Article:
Strangely, I feel both frustrated as well as fascinated about Sindh. Because the people have been unfairly dealt with. The degradation of land has happened in living memory. The once rich agriculturists and traders are finding it hard to get by. The resource allocation is so lopsided that alongside palatial homes and shrines, of ‘notables’ of past and present, one sees squalor and crushing poverty stripping people of basic human dignity.
Not one town of Sindh is more than a few hours driving distance from its capital city, that huge ‘engine of growth’ that, despite its tottering structure, epitomises the progress and modernity of the 21st century. However, just a couple of hours off the main National or Super Highway, there are people stuck in a time warp. They have no access to the basic necessities that should be theirs by right, like clean drinking water, sanitation, education, healthcare facilities, electricity, livelihood options. And, seemingly, no accountability for why they are like this.
The people are willing and able to pull them out of this situation. They are born entrepreneurs. They are extremely hardworking despite the harsh conditions they exist in. I have had the chance to work with them during the devastating floods of 2010, and then 2011, and since then have stayed engaged.
I have seen firsthand how they are just waiting for an opportunity to turn their lives around: Like the women in village across Katcho area in Kingri, where they were provided assistance by the Heritage Foundation to ran their own boat across the river to earn money. Like Veerji Kohli, a poor, downtrodden woman who stood up for the rights of her people by standing in elections against the powerful of the area. Like Khursheeda in Gharo, who now runs an entire enterprise of women’s livelihood through crafts. Or like the village women of Mirpur Sakro, whose exquisite embroidery has been wowing connoisseurs not just across Pakistan but internationally through the Al Falah Volunteer Trust.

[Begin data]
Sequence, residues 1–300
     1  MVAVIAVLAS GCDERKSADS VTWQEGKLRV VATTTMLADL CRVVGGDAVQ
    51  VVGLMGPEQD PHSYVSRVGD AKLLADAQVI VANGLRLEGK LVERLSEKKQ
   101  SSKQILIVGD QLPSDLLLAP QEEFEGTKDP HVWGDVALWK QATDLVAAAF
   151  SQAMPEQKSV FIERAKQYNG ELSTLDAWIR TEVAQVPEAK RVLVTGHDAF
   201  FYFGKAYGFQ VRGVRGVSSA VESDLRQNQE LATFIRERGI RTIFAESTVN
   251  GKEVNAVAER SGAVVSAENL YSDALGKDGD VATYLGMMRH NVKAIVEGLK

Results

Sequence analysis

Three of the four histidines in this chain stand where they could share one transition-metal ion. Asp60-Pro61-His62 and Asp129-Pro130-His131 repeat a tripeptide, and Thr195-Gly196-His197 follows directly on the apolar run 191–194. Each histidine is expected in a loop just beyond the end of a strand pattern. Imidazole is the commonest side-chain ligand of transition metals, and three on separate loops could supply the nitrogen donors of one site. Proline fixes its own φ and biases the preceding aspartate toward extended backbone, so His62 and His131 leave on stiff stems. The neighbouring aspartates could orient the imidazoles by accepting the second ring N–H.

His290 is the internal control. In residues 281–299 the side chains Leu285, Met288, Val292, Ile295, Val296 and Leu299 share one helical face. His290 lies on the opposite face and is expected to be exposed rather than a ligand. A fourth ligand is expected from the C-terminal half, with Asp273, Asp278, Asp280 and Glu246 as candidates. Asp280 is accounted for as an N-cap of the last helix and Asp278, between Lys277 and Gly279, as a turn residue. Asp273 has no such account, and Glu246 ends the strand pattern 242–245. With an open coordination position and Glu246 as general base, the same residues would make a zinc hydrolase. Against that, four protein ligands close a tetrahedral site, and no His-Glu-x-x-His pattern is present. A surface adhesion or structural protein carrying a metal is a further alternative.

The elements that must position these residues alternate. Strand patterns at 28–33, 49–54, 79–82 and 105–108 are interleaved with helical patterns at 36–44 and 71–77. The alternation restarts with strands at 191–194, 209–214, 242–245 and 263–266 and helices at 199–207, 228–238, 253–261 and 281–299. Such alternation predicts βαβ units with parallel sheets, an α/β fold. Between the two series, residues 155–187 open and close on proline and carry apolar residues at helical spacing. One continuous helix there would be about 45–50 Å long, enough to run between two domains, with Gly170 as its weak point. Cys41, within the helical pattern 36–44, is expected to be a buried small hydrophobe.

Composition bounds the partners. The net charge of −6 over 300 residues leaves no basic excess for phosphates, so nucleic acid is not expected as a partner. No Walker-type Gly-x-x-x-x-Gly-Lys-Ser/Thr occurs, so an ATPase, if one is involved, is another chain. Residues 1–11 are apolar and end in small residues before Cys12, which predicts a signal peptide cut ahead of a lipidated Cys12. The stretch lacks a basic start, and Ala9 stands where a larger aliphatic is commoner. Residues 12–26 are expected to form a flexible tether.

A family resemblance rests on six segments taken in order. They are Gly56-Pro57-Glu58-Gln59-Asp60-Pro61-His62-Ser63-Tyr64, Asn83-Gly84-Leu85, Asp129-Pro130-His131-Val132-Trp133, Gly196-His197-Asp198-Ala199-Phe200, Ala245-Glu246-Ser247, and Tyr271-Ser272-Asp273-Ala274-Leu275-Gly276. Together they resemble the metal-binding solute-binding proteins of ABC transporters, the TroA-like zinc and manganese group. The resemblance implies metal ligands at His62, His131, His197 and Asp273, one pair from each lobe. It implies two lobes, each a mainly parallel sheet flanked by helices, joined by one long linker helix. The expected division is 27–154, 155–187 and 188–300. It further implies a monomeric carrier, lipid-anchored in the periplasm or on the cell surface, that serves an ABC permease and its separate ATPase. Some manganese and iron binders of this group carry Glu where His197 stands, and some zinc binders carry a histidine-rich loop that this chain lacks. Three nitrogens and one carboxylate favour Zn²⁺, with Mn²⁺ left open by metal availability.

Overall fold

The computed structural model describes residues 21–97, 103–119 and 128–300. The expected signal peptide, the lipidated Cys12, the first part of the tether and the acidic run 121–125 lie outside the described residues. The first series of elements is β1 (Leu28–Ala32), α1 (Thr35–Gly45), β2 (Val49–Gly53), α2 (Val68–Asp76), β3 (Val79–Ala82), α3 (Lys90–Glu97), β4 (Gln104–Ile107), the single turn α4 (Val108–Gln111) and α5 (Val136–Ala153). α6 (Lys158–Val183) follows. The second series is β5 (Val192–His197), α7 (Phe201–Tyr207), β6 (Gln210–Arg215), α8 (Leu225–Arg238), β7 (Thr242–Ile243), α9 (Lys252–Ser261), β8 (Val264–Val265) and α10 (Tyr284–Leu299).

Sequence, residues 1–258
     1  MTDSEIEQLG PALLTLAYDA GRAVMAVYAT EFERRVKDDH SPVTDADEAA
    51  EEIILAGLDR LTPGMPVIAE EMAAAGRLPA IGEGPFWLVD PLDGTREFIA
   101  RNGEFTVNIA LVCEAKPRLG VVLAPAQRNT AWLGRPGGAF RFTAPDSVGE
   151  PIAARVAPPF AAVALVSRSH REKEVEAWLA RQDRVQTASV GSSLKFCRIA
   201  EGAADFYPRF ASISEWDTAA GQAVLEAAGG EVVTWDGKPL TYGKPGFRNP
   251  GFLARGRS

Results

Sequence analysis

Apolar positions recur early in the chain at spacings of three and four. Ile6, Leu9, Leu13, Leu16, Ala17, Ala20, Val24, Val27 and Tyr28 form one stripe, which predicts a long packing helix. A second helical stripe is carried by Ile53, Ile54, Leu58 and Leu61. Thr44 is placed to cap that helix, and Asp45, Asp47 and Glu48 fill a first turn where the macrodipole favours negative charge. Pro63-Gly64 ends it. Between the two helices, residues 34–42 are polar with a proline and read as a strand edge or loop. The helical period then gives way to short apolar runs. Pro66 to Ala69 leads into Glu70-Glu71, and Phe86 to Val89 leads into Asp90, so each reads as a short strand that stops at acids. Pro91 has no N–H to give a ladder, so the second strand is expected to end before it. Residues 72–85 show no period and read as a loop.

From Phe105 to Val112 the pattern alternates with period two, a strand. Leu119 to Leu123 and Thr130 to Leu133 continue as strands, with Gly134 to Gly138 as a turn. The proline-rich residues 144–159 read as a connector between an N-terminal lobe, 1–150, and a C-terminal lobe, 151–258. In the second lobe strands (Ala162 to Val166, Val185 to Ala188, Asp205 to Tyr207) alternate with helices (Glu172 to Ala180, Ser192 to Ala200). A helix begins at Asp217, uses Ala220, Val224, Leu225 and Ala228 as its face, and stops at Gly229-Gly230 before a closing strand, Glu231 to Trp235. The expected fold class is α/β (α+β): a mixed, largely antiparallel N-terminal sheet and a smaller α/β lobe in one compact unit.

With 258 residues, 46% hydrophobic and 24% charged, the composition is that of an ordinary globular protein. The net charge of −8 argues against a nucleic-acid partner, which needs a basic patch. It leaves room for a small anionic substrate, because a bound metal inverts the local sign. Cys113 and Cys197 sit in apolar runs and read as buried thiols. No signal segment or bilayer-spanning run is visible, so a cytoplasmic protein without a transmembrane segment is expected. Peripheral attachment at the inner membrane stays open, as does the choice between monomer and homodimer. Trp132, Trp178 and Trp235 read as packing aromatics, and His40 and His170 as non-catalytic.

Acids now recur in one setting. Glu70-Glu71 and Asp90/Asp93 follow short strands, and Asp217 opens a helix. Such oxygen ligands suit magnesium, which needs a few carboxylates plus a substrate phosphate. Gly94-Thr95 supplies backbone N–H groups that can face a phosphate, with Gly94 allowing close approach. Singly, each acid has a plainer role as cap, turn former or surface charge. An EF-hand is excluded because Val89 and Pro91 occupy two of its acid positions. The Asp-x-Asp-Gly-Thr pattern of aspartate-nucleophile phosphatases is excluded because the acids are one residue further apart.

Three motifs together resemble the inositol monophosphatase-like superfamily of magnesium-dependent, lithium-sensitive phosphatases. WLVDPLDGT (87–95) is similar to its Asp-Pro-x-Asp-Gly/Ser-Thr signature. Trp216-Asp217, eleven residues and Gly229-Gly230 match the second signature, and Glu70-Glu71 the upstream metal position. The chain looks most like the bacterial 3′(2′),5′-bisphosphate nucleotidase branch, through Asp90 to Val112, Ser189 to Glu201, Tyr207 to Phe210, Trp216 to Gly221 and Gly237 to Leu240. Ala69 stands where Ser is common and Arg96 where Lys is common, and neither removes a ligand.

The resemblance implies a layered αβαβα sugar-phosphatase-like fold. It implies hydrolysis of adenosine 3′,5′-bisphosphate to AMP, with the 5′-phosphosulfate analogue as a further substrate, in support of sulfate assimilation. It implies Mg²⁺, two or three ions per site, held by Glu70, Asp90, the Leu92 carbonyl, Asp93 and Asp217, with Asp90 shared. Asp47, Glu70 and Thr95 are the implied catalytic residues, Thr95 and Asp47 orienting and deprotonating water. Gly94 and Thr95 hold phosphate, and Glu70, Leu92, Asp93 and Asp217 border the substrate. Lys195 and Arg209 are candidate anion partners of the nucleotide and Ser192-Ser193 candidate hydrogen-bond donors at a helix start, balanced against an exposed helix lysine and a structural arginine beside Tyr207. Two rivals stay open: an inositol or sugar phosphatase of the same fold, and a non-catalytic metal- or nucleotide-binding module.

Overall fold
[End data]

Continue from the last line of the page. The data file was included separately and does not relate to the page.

Or the men and women across the fishing communities on the coast whose land is being encroached by sea intrusion, and they are battling displacement but are grabbing any opportunity coming their way through NGOs to better their lives. Or the people benefiting from Small Grant Funds Programme bringing energy efficiency and eco-friendly housing to the people who are sometimes forced to adopt an unsustainable way of living as a handout.
There are people who have given up on the government delivering on their promise of providing them electricity, and have made a social and business commitment with Indus Earth Trust to eliminate cancerous gutka from their lives, and, in return, set up mini-solar grids on an equity to light up their lives.
There is so much potential for good here in this land that was rich once. Surely the cultural riches were in tandem with the inheritors of that culture also being rich. Right now Sindh slides down so many human development indices. The rate of stunting is highest here, so is open defecation and attendant health problems. Education is in a shambles.
Unless and until the time machine is reversed, and those deprived of the fruits of development brought into the present, merely glorifying the past will not do much good.
We want the world to come and see the glories of Sindh. Learn from them. But we need to make those places accessible, comfortable, secure and educative. Not undoable. All it needs is an appreciation of the riches we have, and to deliver their benefits to the common person who should be their real custodians.